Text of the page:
Video: World Cup Reporter Destroys Man Who Tried to Kiss Her on Air

Days after a Russian World Cup fan apologized for kissing and sexually assaulting a reporter on camera in Moscow, a fan attempted to harass another journalist in Ekaterinburg.

Brazilian reporter Julia Guimarães dodged the assailant and warned him "never [to] do this to a woman," prompting an outpouring of support and admiration on social media.

The incident took place live on air, on Brazilian channel Sport TV, when broadcaster Julia Guimarães was wrapping up her segment from the streets outside the Russian stadium hosting Sunday's match between Senegal and Japan. Just as she finished speaking to camera, a man in a blazer jumped into frame and tried to kiss her, at which point she moved away from him. Visibly angry, Guimarães hit back.

"Don't do this! Never do this again," she shouted at him in English. "Don't do this, I don't allow you to do this, never, OK? This is not polite, this is not right. Never do this to a woman, OK? Respect."

The man can be heard saying: "I'm sorry. OK," as he walks away from her.

Brazil's Globo Esporte program posted a clip of the incident on Twitter.

"It's hard to find the words," Guimarães tweeted in response to the video. "Luckily, I have never experienced this in Brazil. Over here it has happened twice. Sad! Shameful!"

Speaking to Globo Esporte afterward, she said that she felt fortunate never to have experienced such an incident in her homeland, but revealed that the attempted kiss on Sunday followed a similar attempt by another fan to kiss her while she was reporting on the Egypt and Uruguay match on Friday.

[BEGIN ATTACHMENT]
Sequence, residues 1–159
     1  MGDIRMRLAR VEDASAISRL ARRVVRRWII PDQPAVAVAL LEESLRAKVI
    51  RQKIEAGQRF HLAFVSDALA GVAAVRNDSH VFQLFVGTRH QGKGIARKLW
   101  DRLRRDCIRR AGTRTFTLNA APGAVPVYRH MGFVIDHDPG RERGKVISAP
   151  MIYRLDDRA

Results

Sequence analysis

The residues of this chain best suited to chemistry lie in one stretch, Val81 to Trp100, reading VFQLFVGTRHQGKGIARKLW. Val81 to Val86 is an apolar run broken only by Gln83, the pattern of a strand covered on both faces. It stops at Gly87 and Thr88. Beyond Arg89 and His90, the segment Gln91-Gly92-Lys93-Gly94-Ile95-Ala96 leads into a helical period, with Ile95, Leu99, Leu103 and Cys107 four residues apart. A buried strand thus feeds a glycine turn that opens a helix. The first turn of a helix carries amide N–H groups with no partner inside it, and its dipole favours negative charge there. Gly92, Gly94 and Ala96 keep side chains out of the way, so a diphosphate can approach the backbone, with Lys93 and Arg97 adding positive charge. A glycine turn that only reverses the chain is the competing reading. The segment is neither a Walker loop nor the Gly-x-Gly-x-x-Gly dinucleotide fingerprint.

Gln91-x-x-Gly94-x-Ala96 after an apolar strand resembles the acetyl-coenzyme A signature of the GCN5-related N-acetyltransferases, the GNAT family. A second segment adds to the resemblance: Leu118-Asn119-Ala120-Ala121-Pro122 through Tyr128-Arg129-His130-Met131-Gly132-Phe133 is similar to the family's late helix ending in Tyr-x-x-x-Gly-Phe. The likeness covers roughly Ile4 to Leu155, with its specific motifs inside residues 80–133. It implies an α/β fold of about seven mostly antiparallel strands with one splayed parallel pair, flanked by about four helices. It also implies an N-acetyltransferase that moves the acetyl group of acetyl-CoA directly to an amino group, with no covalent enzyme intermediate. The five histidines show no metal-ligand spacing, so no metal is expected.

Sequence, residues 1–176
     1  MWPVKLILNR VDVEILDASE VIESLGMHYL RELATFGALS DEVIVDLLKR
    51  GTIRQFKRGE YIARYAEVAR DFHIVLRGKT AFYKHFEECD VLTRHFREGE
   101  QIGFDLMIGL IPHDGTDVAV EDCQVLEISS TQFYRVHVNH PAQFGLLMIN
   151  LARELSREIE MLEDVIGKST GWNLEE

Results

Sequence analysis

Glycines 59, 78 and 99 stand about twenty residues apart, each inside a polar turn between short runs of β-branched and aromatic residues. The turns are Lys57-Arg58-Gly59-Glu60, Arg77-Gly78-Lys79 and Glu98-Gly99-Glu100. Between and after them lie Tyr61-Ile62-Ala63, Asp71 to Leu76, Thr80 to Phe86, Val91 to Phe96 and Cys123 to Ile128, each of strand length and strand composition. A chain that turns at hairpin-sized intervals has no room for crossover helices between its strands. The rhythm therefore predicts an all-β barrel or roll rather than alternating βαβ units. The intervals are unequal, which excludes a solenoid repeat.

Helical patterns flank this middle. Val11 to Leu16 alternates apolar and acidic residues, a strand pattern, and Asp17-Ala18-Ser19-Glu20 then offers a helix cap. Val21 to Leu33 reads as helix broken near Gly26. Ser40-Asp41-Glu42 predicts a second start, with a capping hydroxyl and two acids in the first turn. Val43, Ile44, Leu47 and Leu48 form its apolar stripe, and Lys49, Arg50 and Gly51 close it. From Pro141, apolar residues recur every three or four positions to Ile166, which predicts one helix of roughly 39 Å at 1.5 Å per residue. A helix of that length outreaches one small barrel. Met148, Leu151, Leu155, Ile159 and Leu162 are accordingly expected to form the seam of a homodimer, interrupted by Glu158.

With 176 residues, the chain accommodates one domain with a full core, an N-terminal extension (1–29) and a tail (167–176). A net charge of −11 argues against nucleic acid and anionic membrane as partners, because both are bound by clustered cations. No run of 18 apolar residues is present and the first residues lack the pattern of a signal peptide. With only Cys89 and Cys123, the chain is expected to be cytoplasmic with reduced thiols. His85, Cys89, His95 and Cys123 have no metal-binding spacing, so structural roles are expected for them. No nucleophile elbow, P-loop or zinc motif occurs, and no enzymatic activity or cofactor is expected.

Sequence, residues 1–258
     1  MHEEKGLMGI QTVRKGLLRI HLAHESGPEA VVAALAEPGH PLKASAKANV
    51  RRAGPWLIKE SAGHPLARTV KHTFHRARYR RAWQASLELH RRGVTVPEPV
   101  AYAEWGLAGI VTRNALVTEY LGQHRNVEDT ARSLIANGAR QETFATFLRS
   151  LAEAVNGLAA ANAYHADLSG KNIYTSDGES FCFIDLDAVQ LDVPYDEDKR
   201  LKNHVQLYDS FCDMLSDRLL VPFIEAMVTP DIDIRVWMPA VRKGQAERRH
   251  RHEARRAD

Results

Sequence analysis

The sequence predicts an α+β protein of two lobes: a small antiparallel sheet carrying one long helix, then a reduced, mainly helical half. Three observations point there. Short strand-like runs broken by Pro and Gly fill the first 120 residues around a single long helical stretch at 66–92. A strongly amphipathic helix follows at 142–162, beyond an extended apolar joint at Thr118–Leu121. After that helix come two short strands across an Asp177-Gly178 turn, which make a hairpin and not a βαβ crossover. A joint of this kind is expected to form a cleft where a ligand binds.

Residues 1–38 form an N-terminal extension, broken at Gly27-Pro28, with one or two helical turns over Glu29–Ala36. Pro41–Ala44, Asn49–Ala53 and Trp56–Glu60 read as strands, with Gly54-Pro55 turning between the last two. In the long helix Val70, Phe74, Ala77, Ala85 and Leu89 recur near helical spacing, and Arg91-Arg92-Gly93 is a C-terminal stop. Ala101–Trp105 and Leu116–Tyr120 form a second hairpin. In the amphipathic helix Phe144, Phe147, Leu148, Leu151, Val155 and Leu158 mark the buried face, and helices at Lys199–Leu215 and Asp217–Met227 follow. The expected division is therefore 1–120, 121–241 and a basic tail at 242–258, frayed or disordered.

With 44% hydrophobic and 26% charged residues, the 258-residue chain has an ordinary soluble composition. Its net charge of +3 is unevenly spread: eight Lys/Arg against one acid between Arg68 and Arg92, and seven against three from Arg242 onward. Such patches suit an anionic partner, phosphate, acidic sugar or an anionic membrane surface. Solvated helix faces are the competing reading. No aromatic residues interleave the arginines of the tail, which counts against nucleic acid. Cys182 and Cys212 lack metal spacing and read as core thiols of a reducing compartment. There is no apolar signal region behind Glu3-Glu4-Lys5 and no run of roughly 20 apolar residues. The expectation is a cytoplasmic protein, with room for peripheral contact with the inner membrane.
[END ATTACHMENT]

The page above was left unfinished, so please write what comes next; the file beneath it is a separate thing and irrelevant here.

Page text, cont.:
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Julia Guimarães dodges a man who tried to kiss her on air while reporting from the World Cup in Russia. She says it is the second time this has happened to her this tournament. Sport TV/Globo Esporte

"I feel helpless, vulnerable," she said. "This time I gave an answer, but it's sad, people do not understand."

On the tournament's opening day, Deutsche Welle reporter Julieth González Therán experienced sexual assault while delivering a segment for DW Español. A much larger male fan had waited for her broadcast to begin, before rushing into frame, grabbing her and kissing her, and then running off.

The fan later visited the Deutsche Wellestudio in Moscow and read out a written apology, while video chatting with González Therán, who explained to him that his actions had made her uncomfortable, but accepted his apology.

Attitudes toward sexual harassment in Russia are markedly different than in the West, with state media openly defending men accused of harassment and even rape in the #MeToo and #Time'sUp movements.

The closest Russia has come to a high-profile harassment scandal in the wake of #MeToo has been a series of allegations from at least three female reporters against Russian lawmaker Leonid Slutsky. The Russian parliament's Ethics Committee threw out the allegations after a single session and the lower house's chairman advised journalists who fear unwanted sexual advances or feel unsafe in parliament to find other jobs, while female lawmakers blamed the women for inviting the alleged advances.

"Nobody ever harassed me," said Raisa Karmazina, a member of the Ethics Commission. "I was 300 times more beautiful than them, and I was not any stupider either. I have been working for 50 years. It will be 49 years of service on July 1, since I was aged 18, and nobody [has ever] harassed me."

Karmazina's colleague and the head of parliament's committee on women's rights, Tamara Pletnyova, suggested women should not report sexual harassment and dress conservatively if they fear unwanted advances or sexual behavior.

Video: World Cup Reporter Destroys Man Who Tried to Kiss Her on Air | World